Listing Using Replace Programmatically to Set the Correct Range

Sub ReplaceExample() Dim ws As Worksheet Dim rg As Range Dim lLastRow As Long

Set ws = ThisWorkbook.Worksheets("Replace Examples")

' determine last cell in data range ' assumes the would never be an empty cell ' in column 1 at the bottom of the list lLastRow = ws.Ce11s(65536, 1).End(x1Up).Row

' Replace empty cells in 2nd & 3rd columns

Set rg = ws.Range(ws.Ce11s(2, 2), ws.Ce11s(1LastRow, 3))

rg.Replace "", "UNKNOWN"

' Replace empty cells in 4th column

Set rg = ws.Range(ws.Ce11s(2, 4), ws.Ce11s(1LastRow, 4)) rg.Replace "", "0"

Set rg = Nothing Set ws = Nothing End Sub

More times than not, when you're working with a list, at least one column always has a value for every row in the list. This is the column that you'll want to use to determine what the last row is. If you use a column that potentially has an empty value in the last cell, you won't be checking all of the rows in the list when you use Replace. In this example, the first column contains a value in every row, so it is the column you'd use to find the last row in the list. As you recall from the last chapter, the End property of the Range object is a convenient way to do this. All you do is start from the last row in the worksheet (I cheated here and hard coded the number of rows in a worksheet) and use the End property with the xlUp constant to find the first non-empty cell in the column. Because End returns a Range object, you use the Row property to give you your answer—a numeric value that represents the last row in your list.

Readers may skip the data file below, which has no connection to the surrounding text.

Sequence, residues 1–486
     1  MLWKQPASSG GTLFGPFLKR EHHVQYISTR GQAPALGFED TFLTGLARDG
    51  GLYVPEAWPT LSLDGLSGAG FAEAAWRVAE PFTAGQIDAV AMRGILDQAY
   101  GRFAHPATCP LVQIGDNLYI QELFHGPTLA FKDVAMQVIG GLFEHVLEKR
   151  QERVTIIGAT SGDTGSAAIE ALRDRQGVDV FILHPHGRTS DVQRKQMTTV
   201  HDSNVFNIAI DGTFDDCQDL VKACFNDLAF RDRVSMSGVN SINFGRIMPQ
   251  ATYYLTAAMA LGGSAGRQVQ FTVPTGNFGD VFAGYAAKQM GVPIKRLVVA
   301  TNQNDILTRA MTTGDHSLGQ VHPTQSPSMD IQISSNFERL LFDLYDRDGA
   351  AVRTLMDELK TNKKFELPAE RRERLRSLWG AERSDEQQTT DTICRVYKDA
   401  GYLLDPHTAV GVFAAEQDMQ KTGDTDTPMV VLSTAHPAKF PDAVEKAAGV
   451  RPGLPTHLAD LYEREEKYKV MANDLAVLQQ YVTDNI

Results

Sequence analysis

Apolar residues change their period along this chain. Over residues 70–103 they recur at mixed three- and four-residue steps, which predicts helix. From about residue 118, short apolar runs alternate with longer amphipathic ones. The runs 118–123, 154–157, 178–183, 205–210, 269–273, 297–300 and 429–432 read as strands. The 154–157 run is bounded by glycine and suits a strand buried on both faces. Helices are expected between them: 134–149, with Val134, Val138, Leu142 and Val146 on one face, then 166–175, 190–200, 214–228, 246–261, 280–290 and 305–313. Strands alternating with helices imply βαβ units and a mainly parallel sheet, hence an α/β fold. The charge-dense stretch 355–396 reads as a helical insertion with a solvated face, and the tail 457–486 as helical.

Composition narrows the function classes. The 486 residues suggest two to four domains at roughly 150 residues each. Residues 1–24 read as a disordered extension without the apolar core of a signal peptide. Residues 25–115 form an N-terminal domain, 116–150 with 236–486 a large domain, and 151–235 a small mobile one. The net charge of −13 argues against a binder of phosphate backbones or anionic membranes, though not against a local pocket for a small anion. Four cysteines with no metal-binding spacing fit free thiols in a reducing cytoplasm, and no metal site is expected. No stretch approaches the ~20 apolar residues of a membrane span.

Once you have the last row, it's simple to set the appropriate range references for use with the Replace method. First you set a range to the second and third columns. This is easily achieved by specifying the top-left and bottom-right cells that define the range.

Set rg = ws.Range(ws.Ce11s(2, 2), ws.Ce11s(1LastRow, 3))

The top-left cell is given using the Cells property of your worksheet object and refers to the cell in row 2, column 2. The bottom-right cell is specified similarly except you use the value in the lLastRow variable for your row along with column 3. The range reference for the fourth column is set in the same manner.

The actual call to the Replace method is no big deal. All you need to do is tell Replace what to look for along with what value it should replace any instances it finds with.

OK, so that is easy enough. But what the heck is that Application.FindFormat thing all about? Application.FindFormat and Application.ReplaceFormat are objects that exist solely to allow you to describe what kind of formatting Replace should look for and then what kind of formatting should be applied to anything Replace finds. Listing 9.3 shows an example that looks on the active sheet for any cells that have bold, size 11 font and replaces the formatting with italic, size 8.

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